Kamui Kobayashi has won many fans in his brief F1 career to date for his swashbuckling style; not just his signature bold overtaking moves, but also his defensive driving, which has also been very effective.
I’ll put my hands up and admit I love Kobayashi as a racer, he’s top quality entertainment and I love his spirit in a car, which reminds me a little bit of Jean Alesi.
Alesi made a big impression in a midfield Tyrrell car and ended up in a Ferrari, something which many fans would like to see happen with Kobayashi. It would be an amazing thing, and would align with Stefano Domenicali’s recent statement that for the future they would be looking to put a young driver alongside the experienced Fernando Alonso, who is tied to the team for five years. This is what they did with Felipe Massa, also a former Sauber driver, whom they placed alongside Michael Schumacher in 2006.
Sauber has been an important proving ground for Ferrari over the years, they take a supply of their engines and Ferrari is able to keep close tabs on the drivers’ performance. Sergio Perez is highly rated at Maranello; he was briefly, a member of the Ferrari Driver Academy before he signed his Sauber contract.
So they will be able to monitor Kobayashi in comparison with Perez and there’s a fair chance that one of them might end up in the Scuderia. Sadly, one just can’t quite imagine them taking a gamble on the Japanese driver.
As one of the world’s leading markets for luxury brands, Japan is important; it’s Ferrari’s number two market after the United States and the company opened its own office there in 2008. But it’s the strategic importance of Ferrari’s sponsors which counts for more, companies like Santander and Shell. Brazil is a critical market for both and this hasn’t done Massa any harm in recent years.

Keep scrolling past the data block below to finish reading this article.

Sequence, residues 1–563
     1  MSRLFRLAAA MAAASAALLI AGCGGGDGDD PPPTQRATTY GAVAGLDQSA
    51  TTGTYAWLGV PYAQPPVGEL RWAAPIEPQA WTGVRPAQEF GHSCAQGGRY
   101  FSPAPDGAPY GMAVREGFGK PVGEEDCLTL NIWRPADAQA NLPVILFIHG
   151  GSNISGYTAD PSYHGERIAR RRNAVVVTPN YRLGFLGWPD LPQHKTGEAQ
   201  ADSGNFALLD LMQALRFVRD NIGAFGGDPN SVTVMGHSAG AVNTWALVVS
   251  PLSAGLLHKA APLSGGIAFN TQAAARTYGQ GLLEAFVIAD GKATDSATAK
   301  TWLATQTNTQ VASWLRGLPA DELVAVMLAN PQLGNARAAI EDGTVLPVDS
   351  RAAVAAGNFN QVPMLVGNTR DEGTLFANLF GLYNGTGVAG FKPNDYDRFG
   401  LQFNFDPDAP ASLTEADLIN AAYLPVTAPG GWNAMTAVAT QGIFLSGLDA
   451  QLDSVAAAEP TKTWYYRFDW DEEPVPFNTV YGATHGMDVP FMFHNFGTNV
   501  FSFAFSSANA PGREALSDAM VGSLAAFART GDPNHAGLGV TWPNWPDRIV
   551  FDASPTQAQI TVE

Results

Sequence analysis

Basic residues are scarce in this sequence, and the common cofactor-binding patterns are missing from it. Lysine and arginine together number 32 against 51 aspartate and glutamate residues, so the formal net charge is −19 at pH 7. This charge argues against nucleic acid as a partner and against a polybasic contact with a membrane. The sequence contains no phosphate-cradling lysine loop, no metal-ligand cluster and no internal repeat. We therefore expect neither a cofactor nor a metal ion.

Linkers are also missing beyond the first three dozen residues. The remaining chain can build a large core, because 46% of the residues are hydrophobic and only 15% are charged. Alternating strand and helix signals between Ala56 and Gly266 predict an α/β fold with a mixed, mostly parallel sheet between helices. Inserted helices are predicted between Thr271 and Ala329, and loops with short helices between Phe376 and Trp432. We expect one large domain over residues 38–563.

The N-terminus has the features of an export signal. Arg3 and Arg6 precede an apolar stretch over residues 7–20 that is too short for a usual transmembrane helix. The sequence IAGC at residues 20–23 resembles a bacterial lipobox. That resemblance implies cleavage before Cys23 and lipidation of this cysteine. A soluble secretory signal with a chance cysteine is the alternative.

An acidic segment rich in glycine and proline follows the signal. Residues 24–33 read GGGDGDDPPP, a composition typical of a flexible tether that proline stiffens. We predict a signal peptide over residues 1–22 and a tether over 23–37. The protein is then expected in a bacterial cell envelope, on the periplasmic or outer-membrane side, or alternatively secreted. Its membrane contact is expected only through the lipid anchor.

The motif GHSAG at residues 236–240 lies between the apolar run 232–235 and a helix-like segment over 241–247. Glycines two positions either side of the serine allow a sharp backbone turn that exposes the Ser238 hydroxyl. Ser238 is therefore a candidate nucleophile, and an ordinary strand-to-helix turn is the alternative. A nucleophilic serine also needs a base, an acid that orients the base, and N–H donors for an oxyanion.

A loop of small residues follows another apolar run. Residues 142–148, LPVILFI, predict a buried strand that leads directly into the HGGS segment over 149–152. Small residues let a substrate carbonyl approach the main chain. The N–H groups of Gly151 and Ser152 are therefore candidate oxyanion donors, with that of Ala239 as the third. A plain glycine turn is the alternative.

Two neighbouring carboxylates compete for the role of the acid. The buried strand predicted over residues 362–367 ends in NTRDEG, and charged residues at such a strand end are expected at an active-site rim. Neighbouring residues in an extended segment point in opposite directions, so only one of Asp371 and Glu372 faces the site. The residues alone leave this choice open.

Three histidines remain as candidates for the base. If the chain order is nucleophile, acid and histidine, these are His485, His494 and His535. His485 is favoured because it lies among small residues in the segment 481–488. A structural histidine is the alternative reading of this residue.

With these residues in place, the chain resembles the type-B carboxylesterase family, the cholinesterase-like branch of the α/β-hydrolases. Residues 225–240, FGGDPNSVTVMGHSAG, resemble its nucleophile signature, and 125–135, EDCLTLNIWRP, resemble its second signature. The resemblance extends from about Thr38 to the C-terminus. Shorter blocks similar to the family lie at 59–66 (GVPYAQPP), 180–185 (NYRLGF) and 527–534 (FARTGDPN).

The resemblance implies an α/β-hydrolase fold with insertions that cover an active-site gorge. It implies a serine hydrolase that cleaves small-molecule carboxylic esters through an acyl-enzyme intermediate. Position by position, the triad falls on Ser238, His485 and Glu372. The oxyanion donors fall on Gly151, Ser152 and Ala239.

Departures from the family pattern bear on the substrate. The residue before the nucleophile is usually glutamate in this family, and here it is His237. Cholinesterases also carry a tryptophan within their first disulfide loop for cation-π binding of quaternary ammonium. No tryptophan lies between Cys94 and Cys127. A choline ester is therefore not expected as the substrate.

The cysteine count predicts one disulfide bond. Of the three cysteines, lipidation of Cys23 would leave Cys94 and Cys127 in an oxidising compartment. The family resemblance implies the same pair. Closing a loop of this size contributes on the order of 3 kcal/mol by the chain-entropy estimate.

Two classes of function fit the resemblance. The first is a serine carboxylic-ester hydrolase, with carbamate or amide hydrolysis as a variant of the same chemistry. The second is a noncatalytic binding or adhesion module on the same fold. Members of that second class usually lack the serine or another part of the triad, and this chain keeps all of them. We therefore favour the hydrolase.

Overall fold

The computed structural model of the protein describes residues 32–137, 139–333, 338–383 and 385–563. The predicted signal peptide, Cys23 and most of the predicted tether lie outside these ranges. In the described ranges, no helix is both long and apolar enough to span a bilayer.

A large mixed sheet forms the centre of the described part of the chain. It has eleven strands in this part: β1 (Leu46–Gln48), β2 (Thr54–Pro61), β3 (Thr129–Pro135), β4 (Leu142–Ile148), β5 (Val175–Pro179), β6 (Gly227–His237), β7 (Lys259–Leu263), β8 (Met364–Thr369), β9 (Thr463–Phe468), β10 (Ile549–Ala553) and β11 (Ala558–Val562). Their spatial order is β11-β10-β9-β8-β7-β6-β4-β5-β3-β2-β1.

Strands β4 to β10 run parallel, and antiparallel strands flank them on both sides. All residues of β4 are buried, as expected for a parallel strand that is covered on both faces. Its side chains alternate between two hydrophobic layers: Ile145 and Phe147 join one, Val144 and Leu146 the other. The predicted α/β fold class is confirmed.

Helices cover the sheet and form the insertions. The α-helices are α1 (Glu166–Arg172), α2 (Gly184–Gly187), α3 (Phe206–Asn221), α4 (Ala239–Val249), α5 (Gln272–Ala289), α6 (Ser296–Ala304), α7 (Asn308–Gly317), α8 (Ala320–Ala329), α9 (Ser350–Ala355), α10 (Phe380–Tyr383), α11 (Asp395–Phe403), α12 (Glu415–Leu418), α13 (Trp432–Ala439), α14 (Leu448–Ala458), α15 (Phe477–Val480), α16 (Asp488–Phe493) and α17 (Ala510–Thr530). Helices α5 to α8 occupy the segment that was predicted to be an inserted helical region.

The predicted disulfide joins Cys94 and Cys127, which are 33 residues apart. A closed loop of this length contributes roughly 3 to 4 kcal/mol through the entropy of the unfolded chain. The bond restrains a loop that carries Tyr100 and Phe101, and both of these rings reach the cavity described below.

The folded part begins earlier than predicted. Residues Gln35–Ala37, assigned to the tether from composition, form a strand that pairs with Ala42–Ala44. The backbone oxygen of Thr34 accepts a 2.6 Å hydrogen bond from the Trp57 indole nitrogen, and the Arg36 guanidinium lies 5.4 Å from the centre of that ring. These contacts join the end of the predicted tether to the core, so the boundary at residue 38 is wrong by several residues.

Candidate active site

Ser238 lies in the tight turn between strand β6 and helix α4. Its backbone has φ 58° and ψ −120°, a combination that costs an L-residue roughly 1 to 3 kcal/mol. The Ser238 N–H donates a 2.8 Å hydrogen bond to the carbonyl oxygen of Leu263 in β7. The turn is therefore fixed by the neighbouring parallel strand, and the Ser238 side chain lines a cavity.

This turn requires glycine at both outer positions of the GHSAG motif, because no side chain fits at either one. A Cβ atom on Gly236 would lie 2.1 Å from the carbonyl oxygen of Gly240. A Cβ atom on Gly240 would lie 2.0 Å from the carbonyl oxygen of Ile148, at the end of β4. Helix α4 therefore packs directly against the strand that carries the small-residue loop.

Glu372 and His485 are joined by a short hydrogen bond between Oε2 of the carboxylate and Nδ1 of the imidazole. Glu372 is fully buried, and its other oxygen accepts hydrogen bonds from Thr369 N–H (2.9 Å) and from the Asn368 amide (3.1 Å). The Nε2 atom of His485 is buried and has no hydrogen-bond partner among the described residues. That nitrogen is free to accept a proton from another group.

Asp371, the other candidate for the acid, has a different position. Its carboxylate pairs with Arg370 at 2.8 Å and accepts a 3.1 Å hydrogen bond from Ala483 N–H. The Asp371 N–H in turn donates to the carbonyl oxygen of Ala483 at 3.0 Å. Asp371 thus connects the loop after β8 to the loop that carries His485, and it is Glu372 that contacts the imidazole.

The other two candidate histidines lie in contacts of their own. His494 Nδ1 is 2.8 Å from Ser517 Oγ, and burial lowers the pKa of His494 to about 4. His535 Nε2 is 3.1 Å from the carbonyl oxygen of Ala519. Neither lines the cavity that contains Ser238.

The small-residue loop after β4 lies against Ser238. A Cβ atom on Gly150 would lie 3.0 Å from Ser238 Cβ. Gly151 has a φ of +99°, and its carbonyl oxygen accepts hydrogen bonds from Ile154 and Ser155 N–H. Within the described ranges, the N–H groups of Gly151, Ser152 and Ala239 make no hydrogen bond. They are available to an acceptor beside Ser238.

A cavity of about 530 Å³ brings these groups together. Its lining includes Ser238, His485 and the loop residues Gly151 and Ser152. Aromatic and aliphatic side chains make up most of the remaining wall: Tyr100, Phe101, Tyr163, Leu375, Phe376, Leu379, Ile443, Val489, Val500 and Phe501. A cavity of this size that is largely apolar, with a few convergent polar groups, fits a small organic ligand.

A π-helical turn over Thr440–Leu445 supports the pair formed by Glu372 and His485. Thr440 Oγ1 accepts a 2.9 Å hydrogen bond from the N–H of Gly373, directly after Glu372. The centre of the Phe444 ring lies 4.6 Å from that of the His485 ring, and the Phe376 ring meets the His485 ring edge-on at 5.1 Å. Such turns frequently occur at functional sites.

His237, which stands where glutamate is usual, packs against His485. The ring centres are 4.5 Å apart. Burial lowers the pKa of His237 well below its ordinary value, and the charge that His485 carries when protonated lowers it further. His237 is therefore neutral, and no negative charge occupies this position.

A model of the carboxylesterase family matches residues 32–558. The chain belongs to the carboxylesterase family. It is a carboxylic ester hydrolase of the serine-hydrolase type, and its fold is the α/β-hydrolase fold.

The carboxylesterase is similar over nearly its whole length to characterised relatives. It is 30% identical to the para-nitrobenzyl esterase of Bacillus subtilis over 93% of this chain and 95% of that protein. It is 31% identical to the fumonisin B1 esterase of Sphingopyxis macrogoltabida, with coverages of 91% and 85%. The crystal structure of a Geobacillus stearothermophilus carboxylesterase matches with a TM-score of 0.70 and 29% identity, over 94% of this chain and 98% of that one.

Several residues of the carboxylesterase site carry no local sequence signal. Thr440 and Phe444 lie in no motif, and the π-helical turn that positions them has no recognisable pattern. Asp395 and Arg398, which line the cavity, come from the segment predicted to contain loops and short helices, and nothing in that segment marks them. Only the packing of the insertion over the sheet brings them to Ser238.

Then from the point of view of F1’s bigger picture, the sport has been in decline in Japan in recent years and could do with a shot of adrenaline, which the first Japanese driver in a top car would bring.
But above all those considerations, what a top team is looking for is speed and this is where the question mark lies with Kobayashi. He’s proved he can score points consistently and come through the field, which requires speed and racecraft.
Qualifying is an area where Kobayashi himself admits quite openly that he needs to do better if he is to get the chance to progress his career with a top team. He’s been outqualified five times by Perez, who is a rookie and although he’s had some good Saturdays, like Silverstone where he qualified 8th and Malaysia where he was 10th on the grid, he’s not been consistent or fast enough this year.
I asked him whether he can see specifically where he can improve as a qualifier, or whether he is perhaps a tenth or two too slow. His answer was surprisingly candid,
“I know that there aren’t enough strong performances in qualifying,” he said. “The thing is, when the car is good, I’m always okay. But if the car isn’t comfortable then I’m not using the whole performance. This is where I have to improve. It’s everything; confidence, warm up, balance and set up. Then I cannot make a good performance.”
Admitting a weakness is quite rare in a racing driver, even if it’s obvious to observers. But Kobayashi knows that an inability to drive around an imbalance could be the difference between him being a good driver and a great driver and that is why he says he is focussing most of his attention on it at the moment. He believes that it is something that can be learned.
To watch him on a Sunday, ripping through the field from 12th to 5th, like Monaco or 14th to 10th, as he did in Spain, (results which were not achieved by saving sets of new tyres) he clearly has the talent.
All eyes will be on Kobayashi over the remainder of this season and the first half of next. If he can show that the speed is there, he might just get that dream move up the grid.